MLB has suspended Giants CEO Larry Baer following a physical altercation with his wife, Pam. Baer has been suspended until July 1 without pay. The Giants have already announced that Baer will retain his position once his suspension is over.
On March 1, Baer attempted to take his phone away from his wife and in doing so, forced her out of her chair and onto the ground where she cried for help, clearly terrified.
The Giants also released a statement on the matter saying they think the discipline is appropriate, and thanking the community for their input.
Larry Baer released a statement saying that he accepts the suspension, and that he’ll seek professional advice which appears to be referring to counseling.
Statement from Larry Baer: pic.twitter.com/9pUDVzm0QU— San Francisco Giants (@SFGiants) March 26, 2019
The suspension is fitting with MLB’s domestic violence policy as it applies to front office members as well. MLB Commissioner Rob Manfred has also released a statement declaring that Baer should be held to a higher standard as he’s in a position of leadership.
Within the Giants’ statement, the Giants announced that Rob Dean will fulfill Baer’s duties during his suspension. Since March 4, Baer has been on a leave of absence and a board of directors has covered his responsibilities. That board includes President of Baseball Operations, Farhan Zaidi.
Baer isn’t being fired — such a policy wouldn’t be recommended by domestic violence experts as zero-tolerance policies do more harm than good, but it appears his role is being diminished. The Giants will also be adding a new “Major League Baseball control person.” According to Kerry Crowley, “this person will represent the ownership group to Major League Baseball.” They will instead be the ones to represent the Giants at owners meetings. It’s possible that once his suspension is up, this new control person will be the public face of the Giants leadership, and Baer will continue to work more privately.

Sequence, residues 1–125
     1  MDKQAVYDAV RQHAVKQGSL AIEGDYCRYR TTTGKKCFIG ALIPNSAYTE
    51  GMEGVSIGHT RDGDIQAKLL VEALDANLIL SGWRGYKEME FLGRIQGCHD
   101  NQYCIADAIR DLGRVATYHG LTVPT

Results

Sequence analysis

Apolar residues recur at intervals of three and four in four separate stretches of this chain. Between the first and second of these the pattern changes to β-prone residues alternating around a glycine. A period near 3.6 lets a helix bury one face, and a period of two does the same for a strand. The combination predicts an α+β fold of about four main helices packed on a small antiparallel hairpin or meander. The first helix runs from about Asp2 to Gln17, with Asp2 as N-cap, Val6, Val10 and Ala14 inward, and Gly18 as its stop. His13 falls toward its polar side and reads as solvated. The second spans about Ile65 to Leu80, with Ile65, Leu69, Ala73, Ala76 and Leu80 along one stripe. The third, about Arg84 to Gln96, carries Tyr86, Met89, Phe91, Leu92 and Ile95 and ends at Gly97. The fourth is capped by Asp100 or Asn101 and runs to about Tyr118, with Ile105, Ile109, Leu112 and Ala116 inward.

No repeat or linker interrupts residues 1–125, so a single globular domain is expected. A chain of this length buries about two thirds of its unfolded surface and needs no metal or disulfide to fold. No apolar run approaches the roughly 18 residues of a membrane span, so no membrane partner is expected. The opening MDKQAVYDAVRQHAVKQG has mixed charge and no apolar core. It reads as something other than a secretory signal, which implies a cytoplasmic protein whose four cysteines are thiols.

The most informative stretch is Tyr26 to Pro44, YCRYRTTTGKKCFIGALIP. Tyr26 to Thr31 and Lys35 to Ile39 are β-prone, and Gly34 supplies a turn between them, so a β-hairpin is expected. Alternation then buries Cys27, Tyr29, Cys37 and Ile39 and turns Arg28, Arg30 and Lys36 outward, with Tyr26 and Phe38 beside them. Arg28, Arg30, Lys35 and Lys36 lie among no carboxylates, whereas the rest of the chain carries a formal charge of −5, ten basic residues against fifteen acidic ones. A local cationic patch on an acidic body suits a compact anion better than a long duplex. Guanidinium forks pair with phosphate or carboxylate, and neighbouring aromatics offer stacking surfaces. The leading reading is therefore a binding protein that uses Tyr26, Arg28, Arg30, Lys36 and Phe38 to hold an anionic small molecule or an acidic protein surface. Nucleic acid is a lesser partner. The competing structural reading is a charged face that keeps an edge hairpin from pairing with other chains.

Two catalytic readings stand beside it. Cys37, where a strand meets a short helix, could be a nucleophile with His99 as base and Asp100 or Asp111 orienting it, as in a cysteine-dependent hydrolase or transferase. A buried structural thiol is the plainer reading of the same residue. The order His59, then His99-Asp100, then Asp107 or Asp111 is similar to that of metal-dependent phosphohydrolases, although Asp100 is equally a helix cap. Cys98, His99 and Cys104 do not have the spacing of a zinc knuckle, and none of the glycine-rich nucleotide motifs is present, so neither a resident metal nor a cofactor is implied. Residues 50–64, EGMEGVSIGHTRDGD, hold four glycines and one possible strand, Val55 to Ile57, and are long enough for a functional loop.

This is a mostly unprecedented move by Major League Baseball. There hasn’t been as severe a punishment issued against a CEO or owner in any major North American professional sport since the NBA pushed out Donald Sterling from the Los Angeles Clippers.
If Baer is slowly pushed out of the Giants as a result of this suspension and the diminished responsibilities going forward, it will be another prominent figure from the last 25 years of successful Giants baseball to leave the stage. Baer was part of the ownership group that bought the team in 1994, but many of the people from that generation of Giants baseball are gone. Baer won’t be leaving yet, but it could be sooner than we would have thought.